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PM: Now is not time to talk about dialogue with N. Korea

2017/09/07 10:56

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SEOUL, Sept. 7 (Yonhap) -- Prime Minister Lee Nak-yon said Thursday that now is not the time to talk about dialogue with North Korea and that South Korea is working hard to impose maximum sanctions on the communist nation, including cutting off its oil supply.

"Sanctions, deterrence and dialogue are often talked about as means to stop North Korea's nuclear armament," Lee said during an address at the Seoul Defense Dialogue, a regional inter-governmental security conference.

"I believe that now is the time to strengthen sanctions to the maximum level while securing military deterrence means. Dialogue is ultimately necessary, but now is not the time to talk about dialogue with North Korea," he said.

Earlier this week, U.S. President Donald Trump criticized South Korea for taking a soft approach to the North. He said in a tweet following the North's sixth nuclear test that Seoul is finding its "talk of appeasement" with the North will not work.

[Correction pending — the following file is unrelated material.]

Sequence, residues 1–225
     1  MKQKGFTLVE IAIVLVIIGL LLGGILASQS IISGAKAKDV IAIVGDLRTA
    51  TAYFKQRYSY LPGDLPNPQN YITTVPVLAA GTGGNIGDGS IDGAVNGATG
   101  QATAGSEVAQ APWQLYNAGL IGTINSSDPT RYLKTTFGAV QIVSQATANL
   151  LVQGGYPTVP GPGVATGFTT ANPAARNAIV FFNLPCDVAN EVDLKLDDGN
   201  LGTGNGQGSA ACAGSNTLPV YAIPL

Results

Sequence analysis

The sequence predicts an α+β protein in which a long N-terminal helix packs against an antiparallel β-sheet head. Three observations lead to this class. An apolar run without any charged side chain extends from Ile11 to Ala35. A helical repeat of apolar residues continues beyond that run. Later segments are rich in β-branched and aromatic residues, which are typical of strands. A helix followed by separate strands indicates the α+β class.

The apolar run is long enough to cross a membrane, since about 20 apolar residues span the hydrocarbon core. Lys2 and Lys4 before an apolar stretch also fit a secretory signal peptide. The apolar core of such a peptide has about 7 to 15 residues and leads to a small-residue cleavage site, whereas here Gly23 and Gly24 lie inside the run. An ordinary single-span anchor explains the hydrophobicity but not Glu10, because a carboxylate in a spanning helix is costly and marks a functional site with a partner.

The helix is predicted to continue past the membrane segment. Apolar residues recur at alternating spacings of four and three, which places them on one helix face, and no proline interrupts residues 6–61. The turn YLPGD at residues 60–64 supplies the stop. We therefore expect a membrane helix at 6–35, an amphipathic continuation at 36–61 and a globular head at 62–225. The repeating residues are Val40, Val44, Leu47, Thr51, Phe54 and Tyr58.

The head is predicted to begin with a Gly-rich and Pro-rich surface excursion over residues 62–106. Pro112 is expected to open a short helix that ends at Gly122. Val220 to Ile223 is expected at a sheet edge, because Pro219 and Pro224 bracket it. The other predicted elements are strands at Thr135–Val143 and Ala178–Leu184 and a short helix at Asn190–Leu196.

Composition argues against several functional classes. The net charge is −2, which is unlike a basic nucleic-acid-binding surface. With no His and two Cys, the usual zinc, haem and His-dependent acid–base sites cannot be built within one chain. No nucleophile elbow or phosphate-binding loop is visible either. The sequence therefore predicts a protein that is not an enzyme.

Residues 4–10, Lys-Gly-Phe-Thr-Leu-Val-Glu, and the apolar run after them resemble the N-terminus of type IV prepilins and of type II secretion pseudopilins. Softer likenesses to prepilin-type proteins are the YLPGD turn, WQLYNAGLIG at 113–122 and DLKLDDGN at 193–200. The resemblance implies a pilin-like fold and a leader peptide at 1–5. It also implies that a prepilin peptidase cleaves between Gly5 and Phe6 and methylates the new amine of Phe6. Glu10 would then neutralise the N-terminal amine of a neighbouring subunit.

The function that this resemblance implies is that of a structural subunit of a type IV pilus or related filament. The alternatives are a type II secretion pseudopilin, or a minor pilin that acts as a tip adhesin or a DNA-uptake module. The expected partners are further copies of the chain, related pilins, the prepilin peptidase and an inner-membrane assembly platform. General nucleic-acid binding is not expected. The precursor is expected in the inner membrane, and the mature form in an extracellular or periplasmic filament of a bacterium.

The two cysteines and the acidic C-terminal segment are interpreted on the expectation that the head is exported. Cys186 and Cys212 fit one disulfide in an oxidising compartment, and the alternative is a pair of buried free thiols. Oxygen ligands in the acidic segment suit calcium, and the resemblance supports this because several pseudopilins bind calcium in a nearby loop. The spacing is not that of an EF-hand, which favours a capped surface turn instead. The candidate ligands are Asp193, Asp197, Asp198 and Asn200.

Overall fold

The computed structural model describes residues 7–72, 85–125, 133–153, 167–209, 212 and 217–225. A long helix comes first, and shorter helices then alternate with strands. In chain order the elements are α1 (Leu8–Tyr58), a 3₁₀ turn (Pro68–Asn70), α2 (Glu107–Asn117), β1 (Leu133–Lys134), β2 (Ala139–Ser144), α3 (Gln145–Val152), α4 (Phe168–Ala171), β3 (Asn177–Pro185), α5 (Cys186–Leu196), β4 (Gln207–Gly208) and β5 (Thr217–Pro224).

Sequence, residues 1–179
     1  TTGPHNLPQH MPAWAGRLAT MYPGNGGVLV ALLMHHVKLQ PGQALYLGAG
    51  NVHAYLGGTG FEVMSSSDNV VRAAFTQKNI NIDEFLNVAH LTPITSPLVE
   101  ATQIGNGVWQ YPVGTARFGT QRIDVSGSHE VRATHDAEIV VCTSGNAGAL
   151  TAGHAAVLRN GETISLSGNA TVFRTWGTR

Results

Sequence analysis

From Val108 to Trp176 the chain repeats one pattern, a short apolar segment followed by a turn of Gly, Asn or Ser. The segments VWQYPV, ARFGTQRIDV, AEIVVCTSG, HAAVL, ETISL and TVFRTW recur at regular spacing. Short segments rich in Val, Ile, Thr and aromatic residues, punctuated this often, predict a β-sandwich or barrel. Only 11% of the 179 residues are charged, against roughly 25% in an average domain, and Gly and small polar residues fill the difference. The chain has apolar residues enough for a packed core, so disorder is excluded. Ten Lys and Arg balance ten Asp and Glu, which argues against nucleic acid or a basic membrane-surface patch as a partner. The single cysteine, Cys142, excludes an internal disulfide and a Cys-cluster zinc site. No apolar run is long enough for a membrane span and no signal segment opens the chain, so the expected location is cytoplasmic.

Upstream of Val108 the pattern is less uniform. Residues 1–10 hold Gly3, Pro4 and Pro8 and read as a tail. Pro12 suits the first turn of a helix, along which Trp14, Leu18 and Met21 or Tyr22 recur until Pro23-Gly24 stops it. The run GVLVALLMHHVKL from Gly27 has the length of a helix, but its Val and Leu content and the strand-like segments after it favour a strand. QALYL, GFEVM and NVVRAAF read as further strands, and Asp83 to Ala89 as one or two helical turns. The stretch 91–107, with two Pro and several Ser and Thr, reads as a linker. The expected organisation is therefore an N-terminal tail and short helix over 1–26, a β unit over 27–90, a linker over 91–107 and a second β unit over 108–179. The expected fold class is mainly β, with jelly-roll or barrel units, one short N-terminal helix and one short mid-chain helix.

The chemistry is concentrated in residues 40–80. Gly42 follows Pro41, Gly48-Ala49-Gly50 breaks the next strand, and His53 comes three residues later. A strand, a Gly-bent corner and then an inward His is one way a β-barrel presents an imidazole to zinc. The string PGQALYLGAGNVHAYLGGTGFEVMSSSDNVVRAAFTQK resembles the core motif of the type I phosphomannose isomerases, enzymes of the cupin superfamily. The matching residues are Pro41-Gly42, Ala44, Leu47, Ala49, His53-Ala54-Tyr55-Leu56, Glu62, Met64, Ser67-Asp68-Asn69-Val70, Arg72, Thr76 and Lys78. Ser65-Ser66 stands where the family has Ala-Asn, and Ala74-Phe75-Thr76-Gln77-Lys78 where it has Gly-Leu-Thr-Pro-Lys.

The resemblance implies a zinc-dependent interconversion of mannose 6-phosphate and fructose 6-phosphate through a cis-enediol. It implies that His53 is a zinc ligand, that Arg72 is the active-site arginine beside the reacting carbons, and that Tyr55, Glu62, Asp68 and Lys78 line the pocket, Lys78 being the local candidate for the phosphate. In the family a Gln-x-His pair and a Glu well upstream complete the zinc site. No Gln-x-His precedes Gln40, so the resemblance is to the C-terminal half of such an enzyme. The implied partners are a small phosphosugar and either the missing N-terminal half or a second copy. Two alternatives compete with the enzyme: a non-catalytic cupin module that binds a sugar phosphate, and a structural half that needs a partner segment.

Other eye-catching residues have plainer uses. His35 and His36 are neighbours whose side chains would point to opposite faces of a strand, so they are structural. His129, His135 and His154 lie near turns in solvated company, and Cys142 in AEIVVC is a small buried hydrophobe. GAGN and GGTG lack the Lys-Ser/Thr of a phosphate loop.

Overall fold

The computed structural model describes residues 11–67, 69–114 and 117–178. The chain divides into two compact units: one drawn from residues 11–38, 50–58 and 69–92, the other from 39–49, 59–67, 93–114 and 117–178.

The remark was seen as a swipe at Seoul's call for resuming dialogue with the North.

Prime Minister Lee Nak-yon delivers an address at Seoul Defense Dialogue on Sept. 7, 2017. (Yonhap) Prime Minister Lee Nak-yon delivers an address at Seoul Defense Dialogue on Sept. 7, 2017. (Yonhap)

Lee said that there is not much time left before the North perfects its nuclear armament and South Korea is "hardening its determination to smash North Korea's illusion."

   "The government of South Korea is working hard to raise sanctions on North Korea to the strongest level. The government of South Korea proposed that the U.N. Security Council hold an emergency meeting to adopt the strongest sanctions on the North," Lee said.

"President Moon Jae-in has been asking neighboring nations to adopt strong sanctions on the North, including halting crude supplies to the North and cutting off a source of foreign currency, such as banning exports of laborers overseas," he said.

Lee also said that South Korea is also trying to strengthen military deterrence, pointing out a recent agreement between Moon and Trump to remove the limit on the maximum weight of payloads for South Korean missiles.

"North Korea's nuclear armament poses threats not only to the security of Northeast Asia, but also to the security of the world," Lee said. "It is urgently needed for the international community to make concerted efforts."

   jschang@yna.co.kr

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